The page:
Open Access Senior Thesis
Bachelor of Arts
Melissa J. Coleman
© 2012 Sara K. Cronin
Previous research has shown that cannabidiol (CBD), a non-psychoactive compound in the hemp plant Cannabis sativa, may be useful in treating drug craving, one of the hallmarks of drug addiction. However, the neural mechanism by which CBD attenuates craving is poorly understood. Studies from other laboratories have shown that neuroplastic changes associated with brain NMDA glutamate systems may at least partially serve as a neural mechanism for craving. In the current study, the noncompetitive NMDA receptor antagonist MK-801 maleate was used to induce locomotor sensitization, a form of NMDA glutamate-mediated neuroplasticity, in mice to test the sensitization-attenuating potential of CBD. Separate groups of mice (N=8) received either CBD (1.0 mg/kg, i.p.) or saline thirty minutes prior to an intraperitoneal injection of MK-801 (0.5 mg/kg, i.p.) or saline and tested for locomotor performance in an open field (Induction Trial). Seventy-two hours later all mice, regardless of drug pretreatment, were tested for locomotor activity following a second administration (0.5 mg/kg, i.p.) of MK-801 (Sensitization Trial). Results revealed a significant difference across groups for the Induction Trial, with groups receiving SAL-MK801 and CBD-MK801 significantly more active than SAL-SAL and CBD-SAL groups. Pretreatment with CBD had no effect on the locomotor activating effects of MK-801 during the Sensitization Trial with similar levels of locomotor performance across drug groups. Possibilities for the lack of CBD effects are discussed, as well as implications and future research directions.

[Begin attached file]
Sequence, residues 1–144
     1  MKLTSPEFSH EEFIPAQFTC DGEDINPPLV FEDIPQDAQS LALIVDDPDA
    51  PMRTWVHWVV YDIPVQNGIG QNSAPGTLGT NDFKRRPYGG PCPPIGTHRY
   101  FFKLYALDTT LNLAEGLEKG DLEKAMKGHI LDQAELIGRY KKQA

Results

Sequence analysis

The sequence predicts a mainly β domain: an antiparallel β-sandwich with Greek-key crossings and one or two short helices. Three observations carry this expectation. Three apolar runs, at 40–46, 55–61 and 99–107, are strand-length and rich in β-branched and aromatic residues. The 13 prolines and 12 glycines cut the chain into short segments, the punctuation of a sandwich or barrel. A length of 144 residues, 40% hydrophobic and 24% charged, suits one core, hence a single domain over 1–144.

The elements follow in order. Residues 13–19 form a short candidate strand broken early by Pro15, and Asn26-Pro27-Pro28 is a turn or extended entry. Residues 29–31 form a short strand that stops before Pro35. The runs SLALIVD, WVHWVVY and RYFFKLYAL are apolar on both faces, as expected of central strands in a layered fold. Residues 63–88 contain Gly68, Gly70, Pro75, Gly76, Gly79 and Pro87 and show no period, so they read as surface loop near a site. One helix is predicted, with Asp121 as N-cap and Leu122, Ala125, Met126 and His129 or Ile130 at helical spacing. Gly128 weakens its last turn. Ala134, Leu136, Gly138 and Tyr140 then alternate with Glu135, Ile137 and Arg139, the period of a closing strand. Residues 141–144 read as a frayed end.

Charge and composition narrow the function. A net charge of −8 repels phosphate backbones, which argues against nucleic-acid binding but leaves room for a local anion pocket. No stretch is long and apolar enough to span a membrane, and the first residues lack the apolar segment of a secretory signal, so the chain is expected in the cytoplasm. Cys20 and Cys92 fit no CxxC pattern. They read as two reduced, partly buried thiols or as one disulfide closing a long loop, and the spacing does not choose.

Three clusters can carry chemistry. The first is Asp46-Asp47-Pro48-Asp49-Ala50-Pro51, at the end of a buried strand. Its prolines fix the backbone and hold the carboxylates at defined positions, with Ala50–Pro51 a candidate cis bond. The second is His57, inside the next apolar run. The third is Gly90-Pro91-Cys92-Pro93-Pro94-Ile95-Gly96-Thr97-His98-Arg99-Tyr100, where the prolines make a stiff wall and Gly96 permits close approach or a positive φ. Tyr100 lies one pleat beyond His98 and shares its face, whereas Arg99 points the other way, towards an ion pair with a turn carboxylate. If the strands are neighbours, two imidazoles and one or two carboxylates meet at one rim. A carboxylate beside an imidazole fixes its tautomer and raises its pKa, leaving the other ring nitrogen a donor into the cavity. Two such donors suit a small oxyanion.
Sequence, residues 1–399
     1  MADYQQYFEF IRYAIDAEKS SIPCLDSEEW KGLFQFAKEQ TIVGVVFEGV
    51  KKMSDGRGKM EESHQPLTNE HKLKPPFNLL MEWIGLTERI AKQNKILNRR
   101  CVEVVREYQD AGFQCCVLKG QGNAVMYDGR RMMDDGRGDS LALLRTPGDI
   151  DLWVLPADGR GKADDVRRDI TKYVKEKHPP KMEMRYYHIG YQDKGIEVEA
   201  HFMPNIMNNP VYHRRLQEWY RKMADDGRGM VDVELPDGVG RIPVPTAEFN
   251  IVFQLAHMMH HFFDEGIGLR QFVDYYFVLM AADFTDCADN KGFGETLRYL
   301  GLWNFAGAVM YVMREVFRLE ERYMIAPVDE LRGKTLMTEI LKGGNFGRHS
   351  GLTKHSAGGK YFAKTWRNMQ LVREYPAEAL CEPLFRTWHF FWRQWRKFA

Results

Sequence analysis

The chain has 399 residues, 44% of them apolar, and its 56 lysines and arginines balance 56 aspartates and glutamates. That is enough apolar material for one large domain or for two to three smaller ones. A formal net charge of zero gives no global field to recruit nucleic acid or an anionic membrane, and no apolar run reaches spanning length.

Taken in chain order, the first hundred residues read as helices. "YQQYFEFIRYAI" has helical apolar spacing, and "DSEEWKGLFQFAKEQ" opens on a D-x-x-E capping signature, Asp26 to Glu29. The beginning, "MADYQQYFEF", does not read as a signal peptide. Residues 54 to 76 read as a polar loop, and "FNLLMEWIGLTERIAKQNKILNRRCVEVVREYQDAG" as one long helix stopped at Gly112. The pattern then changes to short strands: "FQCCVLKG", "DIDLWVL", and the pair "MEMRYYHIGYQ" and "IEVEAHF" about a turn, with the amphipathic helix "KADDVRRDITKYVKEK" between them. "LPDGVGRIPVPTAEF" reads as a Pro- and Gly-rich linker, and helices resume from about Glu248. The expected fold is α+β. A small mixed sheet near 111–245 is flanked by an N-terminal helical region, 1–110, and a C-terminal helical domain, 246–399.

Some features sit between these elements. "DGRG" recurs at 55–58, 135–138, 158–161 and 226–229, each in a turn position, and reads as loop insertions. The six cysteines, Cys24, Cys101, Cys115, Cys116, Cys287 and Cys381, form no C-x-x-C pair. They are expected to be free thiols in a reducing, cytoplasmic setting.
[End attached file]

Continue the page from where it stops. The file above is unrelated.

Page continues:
Cronin, Sara K., "Effects of Cannabidiol on MK-801-Induced Locomotor Sensitization in Mice" (2012). Scripps Senior Theses. 108.